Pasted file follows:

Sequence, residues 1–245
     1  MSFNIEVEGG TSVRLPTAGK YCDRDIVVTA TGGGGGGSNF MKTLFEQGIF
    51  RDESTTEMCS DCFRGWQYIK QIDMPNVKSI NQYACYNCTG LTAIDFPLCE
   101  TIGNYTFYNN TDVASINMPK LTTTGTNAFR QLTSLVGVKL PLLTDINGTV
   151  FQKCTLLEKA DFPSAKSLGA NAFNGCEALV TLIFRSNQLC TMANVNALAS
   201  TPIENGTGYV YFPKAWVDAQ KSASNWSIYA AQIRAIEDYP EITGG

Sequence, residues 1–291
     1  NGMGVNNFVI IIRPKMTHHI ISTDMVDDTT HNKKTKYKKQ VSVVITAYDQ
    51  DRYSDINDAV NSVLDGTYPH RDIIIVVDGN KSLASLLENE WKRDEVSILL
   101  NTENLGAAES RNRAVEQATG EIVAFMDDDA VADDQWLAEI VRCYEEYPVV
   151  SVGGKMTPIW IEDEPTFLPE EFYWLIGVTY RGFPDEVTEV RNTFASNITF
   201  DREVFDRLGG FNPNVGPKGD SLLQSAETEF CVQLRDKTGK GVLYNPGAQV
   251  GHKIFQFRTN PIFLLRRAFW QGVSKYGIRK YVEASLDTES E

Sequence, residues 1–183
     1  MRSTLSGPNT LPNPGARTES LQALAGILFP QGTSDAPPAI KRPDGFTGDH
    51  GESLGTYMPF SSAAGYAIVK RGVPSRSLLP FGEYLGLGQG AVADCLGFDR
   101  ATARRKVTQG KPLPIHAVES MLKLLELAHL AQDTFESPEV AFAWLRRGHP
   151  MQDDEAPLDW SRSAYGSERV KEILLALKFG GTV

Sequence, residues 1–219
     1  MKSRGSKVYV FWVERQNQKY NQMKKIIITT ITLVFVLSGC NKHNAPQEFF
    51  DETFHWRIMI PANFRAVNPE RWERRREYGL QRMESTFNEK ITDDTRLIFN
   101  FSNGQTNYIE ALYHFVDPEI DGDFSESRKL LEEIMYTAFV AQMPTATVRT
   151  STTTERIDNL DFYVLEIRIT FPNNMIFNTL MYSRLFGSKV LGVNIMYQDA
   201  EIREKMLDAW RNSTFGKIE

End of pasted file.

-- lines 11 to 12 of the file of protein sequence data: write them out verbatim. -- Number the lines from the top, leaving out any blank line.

   151  SVGGKMTPIW IEDEPTFLPE EFYWLIGVTY RGFPDEVTEV RNTFASNITF
   201  DREVFDRLGG FNPNVGPKGD SLLQSAETEF CVQLRDKTGK GVLYNPGAQV